First off, I know that this design will be hit or miss for most potential buyers out there, due to the external design alone. I, for one, don't get the large gap on the sides from the front panel, nor did I like the bulky hinge, but overall, I like the design, and the aesthetics of it all are growing on me the more I look at it. The window is large, and for my setup, offered a great view of my components inside of it, and I loved the inverted ATX configuration - I finally get to see the video card cooler stickers. I'm just kidding about the stickers, but as far as it having its benefits, even considering the use of the AIO in play, the overall thermal results inside of this chassis with the case all back together are some of the best I have seen.
As for the noise that you are dealing with, I unplugged the motherboard and allowed the fans to run from just the chassis. In the low fan position of the switches, you are dealing with 41dB of noise, and once allowed to run full steam, it registers some 53dB. I can't complain much though since things were so cool inside, there is a bit of a trade-off that is dealt with to use the chassis as it is delivered.
Once past the more technical aspects of the chassis, there is the feature set to consider. It is lacking without the option for USB 2.0 connectivity, but that is honestly the only thing I can pick on. With the way the top is designed to allow for the PSU and optical drives, they left plenty of room to make it all happen easily. Under that you have the fully removable fan ducts and HDD racks. This allows for much larger motherboards to fit without memory clearance issues behind the HDD rack, and allowing the ducts to remove too, you have the option to use the fan adapters and run a 360mm radiator down the front of this chassis. On the floor you have the option to use the hot-swappable bays as they call them. In reality, they aren't hot-swappable in the traditional sense, but rather they don't require screws, you still have to manually disconnect the power and SATA cables.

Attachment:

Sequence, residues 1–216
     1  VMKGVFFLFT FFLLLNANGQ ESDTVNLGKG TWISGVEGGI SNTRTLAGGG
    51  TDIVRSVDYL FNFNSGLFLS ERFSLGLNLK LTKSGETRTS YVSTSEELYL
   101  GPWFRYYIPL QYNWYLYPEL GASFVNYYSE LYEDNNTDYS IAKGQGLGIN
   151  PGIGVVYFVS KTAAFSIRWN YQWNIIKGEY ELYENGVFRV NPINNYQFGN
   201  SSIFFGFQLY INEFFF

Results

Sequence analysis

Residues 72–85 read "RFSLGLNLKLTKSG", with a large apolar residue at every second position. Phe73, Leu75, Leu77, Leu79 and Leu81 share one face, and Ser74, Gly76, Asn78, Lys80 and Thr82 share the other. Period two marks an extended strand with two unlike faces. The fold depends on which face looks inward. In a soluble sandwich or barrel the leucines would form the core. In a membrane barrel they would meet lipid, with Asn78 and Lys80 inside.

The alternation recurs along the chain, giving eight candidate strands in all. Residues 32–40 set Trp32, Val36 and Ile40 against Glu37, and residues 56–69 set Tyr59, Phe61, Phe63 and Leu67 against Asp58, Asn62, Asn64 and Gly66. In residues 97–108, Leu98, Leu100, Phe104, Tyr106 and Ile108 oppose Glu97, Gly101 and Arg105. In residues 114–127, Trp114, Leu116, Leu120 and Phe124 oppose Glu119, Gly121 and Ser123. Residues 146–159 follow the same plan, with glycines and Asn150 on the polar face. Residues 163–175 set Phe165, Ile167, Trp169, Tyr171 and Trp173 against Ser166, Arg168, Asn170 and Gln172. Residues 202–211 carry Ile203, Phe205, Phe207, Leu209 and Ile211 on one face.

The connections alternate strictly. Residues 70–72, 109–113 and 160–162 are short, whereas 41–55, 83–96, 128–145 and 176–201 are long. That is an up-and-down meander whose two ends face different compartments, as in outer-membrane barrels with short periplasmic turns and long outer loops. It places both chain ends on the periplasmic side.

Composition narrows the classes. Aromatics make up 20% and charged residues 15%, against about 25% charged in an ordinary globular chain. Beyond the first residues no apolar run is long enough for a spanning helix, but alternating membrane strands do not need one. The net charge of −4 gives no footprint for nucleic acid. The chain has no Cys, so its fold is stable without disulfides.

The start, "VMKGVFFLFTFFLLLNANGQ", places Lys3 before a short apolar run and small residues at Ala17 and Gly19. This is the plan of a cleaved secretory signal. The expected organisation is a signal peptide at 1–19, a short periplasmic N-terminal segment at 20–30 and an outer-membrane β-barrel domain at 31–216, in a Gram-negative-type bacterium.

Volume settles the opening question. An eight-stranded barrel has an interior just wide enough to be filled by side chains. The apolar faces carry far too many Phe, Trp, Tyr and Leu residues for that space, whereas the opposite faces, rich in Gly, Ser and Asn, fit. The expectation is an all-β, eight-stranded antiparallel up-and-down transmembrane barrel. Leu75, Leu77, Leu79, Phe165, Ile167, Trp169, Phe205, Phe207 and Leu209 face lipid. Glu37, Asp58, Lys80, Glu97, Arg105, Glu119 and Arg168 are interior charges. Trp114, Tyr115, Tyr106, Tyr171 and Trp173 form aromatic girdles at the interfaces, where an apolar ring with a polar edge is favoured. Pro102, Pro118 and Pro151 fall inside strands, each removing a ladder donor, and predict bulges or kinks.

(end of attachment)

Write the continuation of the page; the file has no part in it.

Then there is the removable motherboard tray which definitely helps with the initial installation, but is rendered immobile once the chassis is wired. As much as many of you may dislike this design, I for one do like where SilverStone is going in today's market, and with releases like this, you can't ever say that they are releasing mundane designs. In fact, the Raven RV04 may just be slightly ahead of the curve, and I applaud SilverStone for trying new things and showing users a different perspective.
For those of us who can appreciate the heritage left in the design, along with all of the ingenuity delivered in the Raven 4, to me it only gets better when pondering the price. While it may not be a water cooling monster like the 900D, or even the newer designs from NZXT, it does offer enough room to add that if you would like, and without the need for a monstrously sized chassis to get it done. For those of you in the market for something different both inside and out from the standard offerings, there is no denying that at $159.99, SilverStone is delivering quite a bit of chassis for the dollar. If they hadn't already shown me the TJ-11 my work rig is housed in now, I would be using this chassis, no questions asked; it is just perfect for a build like mine.
Anyone with the desire to be different than everyone else, look no further than the Raven 4, as it will definitely be something I guarantee all of your friends won't have anything like.
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